Network:1961



Dear Simona
Very interesting your question
Thank you for formulating it
- "What you say" is key (message content)
- "How to say" (paralanguage) is as important (there are researchers who say it is more important) as "what you say"
On the other hand the sender is responsible for the communication.
That is, the message receiver must be taken into account.
Today we live in a global world, it is very important to take into account the cultural reality of the recipient
Finally, over time I learned that there are no truths, there are only perspectives, ie points of view.
Having said these considerations, it is essential that we express our point of view clearly and that we are open to hearing and understanding other points of view (perspectives).

If the project has not achieved its objectives (as long as they are clearly and previously defined) it should be stated clearly, and as project manager:
1. Take responsibility
2. Analyze the reasons why the projects did not achieve the objectives
3. Contribute to the organization's knowledge by creating and sharing a document with lessons learned.
...
1 reply by Simona Bonghez
Oct 28, 2019 9:28 AM
Simona Bonghez
...
Dear Luis, thank you for your reply. Interesting that you have brought up the cultural perspective. I also think that this is extremely relevant not only for the way the message is formulated but also for the way the message is conveyed. As always, when ethics involved, things can be more complicated than we could think at first sight.
Network:1196



If I have a really bad news, as a Project Manager I would say the truth but I would also immediatly come with some solutions to the problem.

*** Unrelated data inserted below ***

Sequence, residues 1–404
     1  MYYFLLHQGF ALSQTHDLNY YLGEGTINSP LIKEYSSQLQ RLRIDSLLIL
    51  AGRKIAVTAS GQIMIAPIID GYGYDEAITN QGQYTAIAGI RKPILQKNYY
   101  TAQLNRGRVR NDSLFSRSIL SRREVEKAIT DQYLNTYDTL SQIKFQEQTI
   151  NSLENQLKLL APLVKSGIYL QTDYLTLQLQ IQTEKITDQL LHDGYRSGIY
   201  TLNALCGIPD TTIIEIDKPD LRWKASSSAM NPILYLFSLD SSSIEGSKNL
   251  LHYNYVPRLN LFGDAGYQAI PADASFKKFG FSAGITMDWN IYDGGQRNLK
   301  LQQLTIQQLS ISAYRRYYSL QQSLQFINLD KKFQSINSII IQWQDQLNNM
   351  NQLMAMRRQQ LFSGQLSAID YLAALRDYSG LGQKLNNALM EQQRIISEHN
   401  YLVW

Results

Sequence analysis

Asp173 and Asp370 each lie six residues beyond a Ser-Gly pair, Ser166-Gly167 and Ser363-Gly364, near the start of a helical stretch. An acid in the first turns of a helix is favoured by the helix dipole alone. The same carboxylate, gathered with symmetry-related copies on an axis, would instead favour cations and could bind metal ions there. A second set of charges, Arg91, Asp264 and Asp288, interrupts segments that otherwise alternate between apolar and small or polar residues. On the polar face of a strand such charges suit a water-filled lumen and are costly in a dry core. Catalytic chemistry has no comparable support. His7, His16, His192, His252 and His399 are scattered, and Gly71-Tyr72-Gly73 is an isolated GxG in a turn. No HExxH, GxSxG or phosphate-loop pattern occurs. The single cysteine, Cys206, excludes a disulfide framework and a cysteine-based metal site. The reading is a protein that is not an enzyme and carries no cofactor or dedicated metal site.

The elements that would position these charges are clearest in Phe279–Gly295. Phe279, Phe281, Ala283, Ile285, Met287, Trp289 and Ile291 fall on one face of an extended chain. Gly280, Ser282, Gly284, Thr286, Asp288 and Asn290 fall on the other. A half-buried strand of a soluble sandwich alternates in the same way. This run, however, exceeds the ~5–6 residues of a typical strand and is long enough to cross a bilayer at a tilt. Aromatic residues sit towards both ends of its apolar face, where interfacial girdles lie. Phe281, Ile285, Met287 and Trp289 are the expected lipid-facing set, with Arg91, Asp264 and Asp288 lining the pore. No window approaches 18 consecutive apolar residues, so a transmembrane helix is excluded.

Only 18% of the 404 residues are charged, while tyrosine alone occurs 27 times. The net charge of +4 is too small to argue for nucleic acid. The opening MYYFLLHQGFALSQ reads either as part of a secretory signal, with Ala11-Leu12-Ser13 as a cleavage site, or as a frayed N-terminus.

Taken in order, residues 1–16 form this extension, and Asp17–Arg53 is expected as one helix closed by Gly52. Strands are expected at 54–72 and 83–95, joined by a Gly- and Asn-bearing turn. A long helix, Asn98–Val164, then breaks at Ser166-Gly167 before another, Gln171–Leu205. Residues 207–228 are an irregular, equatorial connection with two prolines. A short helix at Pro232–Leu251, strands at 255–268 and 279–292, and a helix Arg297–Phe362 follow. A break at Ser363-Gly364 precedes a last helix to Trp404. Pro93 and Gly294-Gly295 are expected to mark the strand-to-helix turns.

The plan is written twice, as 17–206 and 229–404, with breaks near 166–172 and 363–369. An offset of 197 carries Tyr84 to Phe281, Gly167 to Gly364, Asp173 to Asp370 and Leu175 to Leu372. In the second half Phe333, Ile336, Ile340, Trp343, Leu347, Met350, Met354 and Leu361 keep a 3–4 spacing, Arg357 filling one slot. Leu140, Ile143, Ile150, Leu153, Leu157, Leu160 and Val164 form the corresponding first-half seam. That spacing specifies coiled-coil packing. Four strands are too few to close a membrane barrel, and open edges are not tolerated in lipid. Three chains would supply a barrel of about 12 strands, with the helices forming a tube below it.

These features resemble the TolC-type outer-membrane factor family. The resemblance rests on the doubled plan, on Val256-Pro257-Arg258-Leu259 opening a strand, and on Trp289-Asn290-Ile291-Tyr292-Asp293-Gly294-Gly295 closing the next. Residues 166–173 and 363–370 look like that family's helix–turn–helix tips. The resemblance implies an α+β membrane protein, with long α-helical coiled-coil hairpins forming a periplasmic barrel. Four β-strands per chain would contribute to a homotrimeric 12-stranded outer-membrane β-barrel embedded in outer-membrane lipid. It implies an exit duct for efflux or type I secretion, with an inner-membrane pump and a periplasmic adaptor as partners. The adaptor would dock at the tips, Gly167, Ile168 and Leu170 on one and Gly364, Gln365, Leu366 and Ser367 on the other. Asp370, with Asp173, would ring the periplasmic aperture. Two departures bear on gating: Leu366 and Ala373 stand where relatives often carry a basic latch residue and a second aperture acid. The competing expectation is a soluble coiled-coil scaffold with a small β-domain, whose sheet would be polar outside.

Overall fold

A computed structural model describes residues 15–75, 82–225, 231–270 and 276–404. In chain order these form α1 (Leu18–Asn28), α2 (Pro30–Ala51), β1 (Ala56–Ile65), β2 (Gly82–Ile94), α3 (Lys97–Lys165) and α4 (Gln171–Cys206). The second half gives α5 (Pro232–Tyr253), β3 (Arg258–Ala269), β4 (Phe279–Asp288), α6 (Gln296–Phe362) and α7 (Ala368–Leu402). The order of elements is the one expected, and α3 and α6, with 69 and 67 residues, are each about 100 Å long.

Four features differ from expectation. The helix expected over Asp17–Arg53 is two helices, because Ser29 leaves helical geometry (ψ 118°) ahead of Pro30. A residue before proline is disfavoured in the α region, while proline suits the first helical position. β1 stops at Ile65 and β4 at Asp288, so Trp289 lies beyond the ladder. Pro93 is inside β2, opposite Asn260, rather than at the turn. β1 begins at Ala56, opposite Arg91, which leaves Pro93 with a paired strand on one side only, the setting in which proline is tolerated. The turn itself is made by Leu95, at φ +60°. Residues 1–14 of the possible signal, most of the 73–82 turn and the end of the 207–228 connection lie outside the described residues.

...
1 reply by Simona Bonghez
Oct 28, 2019 9:33 AM
Simona Bonghez
...
Thank you for your answer, Tarik, indeed this is what is expected from a good PM: if you have issues, communicate clearly, and propose measures to solve those issues.
Network:435



The problem with not being transparent is that the truth is eventually going to come out specially if things are not going as they should on a project. I think it is critical to tell the stakeholders what the issue is and get everyone on board to to tackle the issue.
Network:679



Oct 27, 2019 7:00 PM
Replying to Joao Marcelo da Silva Huguenin
...
I totally agree - in my opinion ethics comes first: even if you might get fired just saying the truth about project scores, risks or results at the end you should be in peace with yourself by doing the right thing in a brave way.
Thank you for your comment, Joao, I agree with telling the truth. Being the first who is expressing the bad things, you can also influence the first impression about it (without "window dressing"), not to mention the fact that you come also with the possible solutions to solve the situation. And it will allow you to be in peace with yourself as well.
Network:679



Oct 27, 2019 10:51 PM
Replying to George Freeman
...
Hi Simona,

There is such a thing as a “healthy fear,” and that is bidirectionally true in difficult messaging situations, wherein [A] you fear the consequences of telling the truth (as you stated), and [B] you fear the consequence of redacting the truth, as it always promises unforeseen circumstances; in likewise manner, we should fear “window dressing” as it clothes us in compromise and promises the same.